I Am an Escribitionist

Escribitionists are those who blog about themselves, their experiences, and their reflections. It sounds like such a bad thing, connoting, as it does, exhibitionism, but it’s simply a way of distinguishing the diary-like bloggers from those who write from a more journalistic point of view.

The danger of being an escribitionist is that it leaves a blogger vulnerable, not just emotionally, but also physically. People have been known to retaliate offline for online disagreements and, more commonly, people with a felonious bent will take advantage of those bragging about being the Bahamas for a week. So not a good idea to advertise when your house will be vacant!

In the beginning, I was very careful not to say anything of a personal nature. I didn’t make my birthday known, where I went to school, where I lived. For a long time, I didn’t post photos of myself, and I protected my gender (some people were shocked when they found out I wasn’t who they thought). I even refrained from offering opinions about anything but writing and books (but even then, I sometimes got an argument from those who misunderstood what I was saying. See: “Ah, the Difference a Comma Makes!”)

I was especially careful during the years of Jeff’s illness, particularly the last few months when he was so bad off, not to write anything about my life. I was trying to establish myself as an author at the time, perhaps with a male pseudonym, and we both agreed a professional demeanor would be best. Besides, I felt it would be a betrayal of him to talk about what we were going through, and he was afraid I would seem pathetic.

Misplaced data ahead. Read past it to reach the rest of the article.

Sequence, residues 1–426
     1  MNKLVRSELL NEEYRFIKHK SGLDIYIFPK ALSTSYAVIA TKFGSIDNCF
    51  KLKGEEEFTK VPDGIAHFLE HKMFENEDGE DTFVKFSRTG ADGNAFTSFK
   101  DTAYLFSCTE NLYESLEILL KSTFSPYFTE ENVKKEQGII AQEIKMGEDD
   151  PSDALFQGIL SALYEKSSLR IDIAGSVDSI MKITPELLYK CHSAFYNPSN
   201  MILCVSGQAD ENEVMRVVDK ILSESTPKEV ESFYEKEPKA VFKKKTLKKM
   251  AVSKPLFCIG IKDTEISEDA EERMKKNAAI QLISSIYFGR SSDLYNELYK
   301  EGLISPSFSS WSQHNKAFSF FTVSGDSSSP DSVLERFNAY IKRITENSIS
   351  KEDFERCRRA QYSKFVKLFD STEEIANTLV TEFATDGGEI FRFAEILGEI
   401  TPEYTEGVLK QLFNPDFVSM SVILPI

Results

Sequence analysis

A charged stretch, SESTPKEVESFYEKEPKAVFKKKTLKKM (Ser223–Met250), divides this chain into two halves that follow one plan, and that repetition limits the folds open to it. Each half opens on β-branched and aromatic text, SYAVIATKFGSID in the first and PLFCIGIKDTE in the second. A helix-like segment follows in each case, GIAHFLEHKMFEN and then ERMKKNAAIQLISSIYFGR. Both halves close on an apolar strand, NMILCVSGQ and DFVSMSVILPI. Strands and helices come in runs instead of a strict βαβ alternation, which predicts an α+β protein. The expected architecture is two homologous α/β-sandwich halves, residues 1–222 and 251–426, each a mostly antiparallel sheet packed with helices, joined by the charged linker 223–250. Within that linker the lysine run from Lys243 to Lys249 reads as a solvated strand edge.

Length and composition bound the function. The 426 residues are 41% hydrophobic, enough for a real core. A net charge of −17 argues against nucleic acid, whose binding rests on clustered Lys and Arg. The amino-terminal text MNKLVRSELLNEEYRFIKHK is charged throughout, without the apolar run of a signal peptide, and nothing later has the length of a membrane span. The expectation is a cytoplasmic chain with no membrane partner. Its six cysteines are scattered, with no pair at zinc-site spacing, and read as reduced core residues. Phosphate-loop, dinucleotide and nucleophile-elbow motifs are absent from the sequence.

After he died, though, all that care we had taken in laying the groundwork for my career as an author no longer mattered. I was in such terrible pain and so bewildered by what I was feeling (I’d never before encountered even a mention of the utter mental, physical, emotional, spiritual agony of profound grief), that my pain burst out of me. First I screamed my pain offline (I was pacing the house one day, feeling as if I needed to scream; when I realized no one could hear me, I just let the pain rip out of me). Then I spewed my pain onto this blog.

That’s when I discovered the adage “we all grieve differently” is wrong. Many people told me that they experienced the same thing that I did. We might show our emotions differently, but the pattern of grief for a spouse, life mate, or soul mate often follows the same timeline.

By the time my pain became manageable, I was in the habit of talking about my life, so I wrote about my experiences taking care of my nonagenarian father and my frustrations with my abusive homeless brother. I wrote about my travels (making sure always to post after the fact so that no one would know where I was at any given moment).

If I made a mistake and gave too much information, it didn’t matter because I was never in one place long enough for my indiscretion to catch up to me. But now that I am in my final home and not going anywhere, I can’t run away from the mistake of giving out too much information, though I fear it’s too late.

I do try to be careful, but any hope of anonymity (at least pertaining to geography) is long gone. Too many online friends have become offline friends. Too many offline friends have become online friends. Anyone who is paying attention can string together the crumbs of my life that I scatter online, and find me if they really wanted to, though why anyone would want to go through all that trouble, I don’t know.